Half the world lacks access to essential health services, according to the World Health Organization (WHO). This distressing fact is the driving force behind World Health Day, Saturday, April 7, 2018. WHO urges world leaders to ensure “that everyone, everywhere can access essential quality health services without facing financial hardship.”
What's on your resolution list for the New Year? Lose a few pounds, exercise more or try a new hobby? What about getting your hearing checked?
Has someone said this to you? Or have you said it to someone else? Often a family member or friend is the one who encourages someone to get his or her hearing checked.
One of the easiest ways to access professional help for a hearing loss is through a medical flexible spending account (FSA) or health savings account (HSA). Hearing aids and related services are generally considered qualified expenses.
Ever wonder why some adults experiencing hearing loss might get distracted or tired easily? It may have to do with changes in their brains. Here's a peek inside the brain of someone with hearing loss.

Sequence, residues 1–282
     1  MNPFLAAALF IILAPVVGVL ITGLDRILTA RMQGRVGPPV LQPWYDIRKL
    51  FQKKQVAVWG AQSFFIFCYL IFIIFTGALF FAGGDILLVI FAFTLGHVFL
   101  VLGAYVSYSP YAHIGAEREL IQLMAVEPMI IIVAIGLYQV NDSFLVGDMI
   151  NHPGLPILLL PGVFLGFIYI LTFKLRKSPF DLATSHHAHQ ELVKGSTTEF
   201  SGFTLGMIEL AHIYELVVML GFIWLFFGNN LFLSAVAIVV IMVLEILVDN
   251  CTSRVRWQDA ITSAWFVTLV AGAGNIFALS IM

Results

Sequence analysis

I was born hard of hearing and needed hearing aids for years. I wore them when I was little, until about middle school. Boys made fun of me, so out they came. I learned to adapt since.
Summer is in full swing. Hotter temperatures and more outdoor activities mean your hearing aids need a little extra care and TLC. Make sure your hearing aids work their best by keeping an eye out for these six summer risks.
In many respects, Alex Mussomeli is a typical 10-year-old boy. He enjoys art, music, sports, cooking and video games. But what really impresses people who meet Alex is how thoroughly he understands the technology that helps him hear and how matter-of-factly he shares this information with others.
The American Tinnitus Association (ATA) and other organizations report a strong link between tinnitus and hearing loss. “Most patients develop tinnitus as a symptom of hearing loss, caused either by age, long-term hearing damage or acute trauma to the auditory system,” says the ATA.
Wild birds have clearly stolen our hearts. Today, approximately 85 million Americans enjoy observing, photographing or feeding wild birds, according to USA Today. A growing number of these individuals identify their passion as “birding,” which is different from bird watching, in part because it involves more than just the sense of sight.